Peter Turnley’s “The Unseen Gulf War”:
When I was browsing through various photographers in search of a Gleaning topic, I randomly clicked on Peter Turnley’s general site. Browsing through his work, I was struck by his open and often dramatacized portrayal of people in many different contexts and emotional states. Intrigued, I googled his name, found he has a twin brother who is also a “documentary” photographer, and found many articles revolving around his work on wars and the 911 attacks. Browsing these as well as his Gulf War introduction and portfolio on Digital Journal, I wondered where photography such as this fits into our conceptions of art, ethics, and journalism.
Mostly I questioned Turnley’s own interaction within these war environments of death and destruction. Should his photographs be considered war “realities” if they are taken within a context of journalism, a highly politicized and subjective medium of understanding? While these photographs are mostly indicative of Turnley’s own political agenda and view of war, they still have an affect on people in distinctly individual ways.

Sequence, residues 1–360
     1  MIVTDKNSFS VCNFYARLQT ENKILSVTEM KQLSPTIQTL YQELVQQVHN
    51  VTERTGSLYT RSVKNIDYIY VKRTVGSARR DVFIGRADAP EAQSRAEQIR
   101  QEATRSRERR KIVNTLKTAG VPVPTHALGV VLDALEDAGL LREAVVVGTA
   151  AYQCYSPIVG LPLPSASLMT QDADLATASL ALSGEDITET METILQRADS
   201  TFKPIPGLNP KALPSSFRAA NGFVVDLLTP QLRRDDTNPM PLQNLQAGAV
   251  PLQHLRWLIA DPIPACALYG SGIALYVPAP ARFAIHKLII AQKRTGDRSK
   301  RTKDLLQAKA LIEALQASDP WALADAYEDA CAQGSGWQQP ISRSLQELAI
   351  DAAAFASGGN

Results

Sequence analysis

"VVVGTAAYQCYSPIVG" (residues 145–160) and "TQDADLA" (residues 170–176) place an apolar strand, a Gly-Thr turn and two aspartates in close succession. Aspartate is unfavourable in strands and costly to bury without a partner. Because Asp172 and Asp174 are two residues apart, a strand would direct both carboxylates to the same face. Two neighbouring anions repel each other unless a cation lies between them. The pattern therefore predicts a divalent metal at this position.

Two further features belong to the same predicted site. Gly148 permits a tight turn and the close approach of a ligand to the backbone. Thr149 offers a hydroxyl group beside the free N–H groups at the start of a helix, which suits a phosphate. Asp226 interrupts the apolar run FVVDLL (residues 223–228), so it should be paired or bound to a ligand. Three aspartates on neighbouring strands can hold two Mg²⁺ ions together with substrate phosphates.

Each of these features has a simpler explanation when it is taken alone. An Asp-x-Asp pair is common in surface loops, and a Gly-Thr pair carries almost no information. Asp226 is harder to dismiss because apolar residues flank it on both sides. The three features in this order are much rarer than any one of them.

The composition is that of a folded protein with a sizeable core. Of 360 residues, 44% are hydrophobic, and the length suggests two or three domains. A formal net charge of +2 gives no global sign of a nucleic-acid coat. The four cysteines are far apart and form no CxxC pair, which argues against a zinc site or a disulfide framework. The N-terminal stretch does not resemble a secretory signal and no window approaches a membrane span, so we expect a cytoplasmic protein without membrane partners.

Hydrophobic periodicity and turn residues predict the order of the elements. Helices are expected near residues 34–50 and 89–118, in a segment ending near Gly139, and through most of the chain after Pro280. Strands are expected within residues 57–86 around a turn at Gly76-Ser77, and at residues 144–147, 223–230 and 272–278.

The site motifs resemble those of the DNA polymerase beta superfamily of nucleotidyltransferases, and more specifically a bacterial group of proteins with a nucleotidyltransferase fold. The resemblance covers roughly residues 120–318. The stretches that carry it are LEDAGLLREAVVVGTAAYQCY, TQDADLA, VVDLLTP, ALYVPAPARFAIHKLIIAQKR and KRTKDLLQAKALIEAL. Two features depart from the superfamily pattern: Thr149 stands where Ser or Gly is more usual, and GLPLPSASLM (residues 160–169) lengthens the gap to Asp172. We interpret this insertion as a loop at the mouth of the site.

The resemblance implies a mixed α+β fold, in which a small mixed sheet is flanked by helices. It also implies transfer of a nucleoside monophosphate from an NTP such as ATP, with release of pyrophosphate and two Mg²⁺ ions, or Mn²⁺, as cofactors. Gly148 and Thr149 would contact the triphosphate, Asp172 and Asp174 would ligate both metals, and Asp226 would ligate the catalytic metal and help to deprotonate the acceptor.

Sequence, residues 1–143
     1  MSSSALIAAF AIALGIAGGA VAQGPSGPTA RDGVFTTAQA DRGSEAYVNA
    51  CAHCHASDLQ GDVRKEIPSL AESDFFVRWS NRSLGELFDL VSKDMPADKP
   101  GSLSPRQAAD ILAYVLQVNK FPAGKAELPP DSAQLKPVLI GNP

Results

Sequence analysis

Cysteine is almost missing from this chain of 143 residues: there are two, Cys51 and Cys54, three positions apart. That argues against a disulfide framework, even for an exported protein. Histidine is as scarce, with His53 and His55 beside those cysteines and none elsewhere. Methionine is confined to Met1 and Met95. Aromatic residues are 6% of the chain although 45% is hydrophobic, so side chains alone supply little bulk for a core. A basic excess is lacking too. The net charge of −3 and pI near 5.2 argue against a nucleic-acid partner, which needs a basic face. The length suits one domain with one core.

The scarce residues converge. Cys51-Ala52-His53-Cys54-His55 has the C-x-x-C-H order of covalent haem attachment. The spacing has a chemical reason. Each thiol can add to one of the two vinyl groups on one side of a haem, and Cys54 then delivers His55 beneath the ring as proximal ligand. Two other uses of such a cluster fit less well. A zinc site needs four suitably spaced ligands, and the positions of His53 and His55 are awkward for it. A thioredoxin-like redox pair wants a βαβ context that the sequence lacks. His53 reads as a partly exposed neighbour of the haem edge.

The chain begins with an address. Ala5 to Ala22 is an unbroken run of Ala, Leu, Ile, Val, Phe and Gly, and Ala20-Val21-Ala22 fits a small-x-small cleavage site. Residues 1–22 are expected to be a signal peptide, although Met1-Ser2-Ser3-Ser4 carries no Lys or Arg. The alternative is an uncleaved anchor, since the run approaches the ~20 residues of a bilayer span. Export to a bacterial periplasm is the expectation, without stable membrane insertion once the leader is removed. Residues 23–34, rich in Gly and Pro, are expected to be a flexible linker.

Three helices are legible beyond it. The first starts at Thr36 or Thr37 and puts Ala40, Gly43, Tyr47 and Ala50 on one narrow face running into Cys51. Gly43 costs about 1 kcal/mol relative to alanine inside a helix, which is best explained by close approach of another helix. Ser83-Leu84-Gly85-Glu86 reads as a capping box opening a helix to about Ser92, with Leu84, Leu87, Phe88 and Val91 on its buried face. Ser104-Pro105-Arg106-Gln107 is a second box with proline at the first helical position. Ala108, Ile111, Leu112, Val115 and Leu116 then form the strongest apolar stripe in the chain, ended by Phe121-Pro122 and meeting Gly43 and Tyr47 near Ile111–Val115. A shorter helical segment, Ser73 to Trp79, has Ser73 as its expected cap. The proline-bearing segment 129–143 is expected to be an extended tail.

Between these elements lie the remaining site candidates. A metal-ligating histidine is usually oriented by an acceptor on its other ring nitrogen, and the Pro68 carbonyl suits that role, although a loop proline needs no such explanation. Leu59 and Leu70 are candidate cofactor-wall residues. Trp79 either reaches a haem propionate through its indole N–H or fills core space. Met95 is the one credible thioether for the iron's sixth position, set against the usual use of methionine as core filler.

The Gulf War porfolio is relevant to the ongoing war in Iraq, which Turnley ultimately predicts in his introduction. Currently the war in Iraq is a major issue in America, especially with the upcoming election. However it is fairly invisible and removed from American society and perceptions. Despite media attention in the form of writing, photography, and video footage, the war in Iraq is externalized as we briefly empathize then continue on with our daily life. Maybe it is through the dramatic photography and documentation of people such as Peter Turnley where the “reality” of war is exposed and can promote increased understanding and association with the world outside our own.
What is the role of war photography?
Is it to frighten us? Disturb us? Bring us closer to the “realities” of war? Or to comfort us in our blanket of American security? Turnley focuses on the dramatic, gruesome, and most provocative aspects of war such as death and human suffering in order to promote certain understandings and truth beyond politics. The purpose is to shock and expose and in that way he succeeds. But what about the people he is photographing? They become nameless victims and subjects of a nationalized discourse. Is this ethical?
The war continues onward…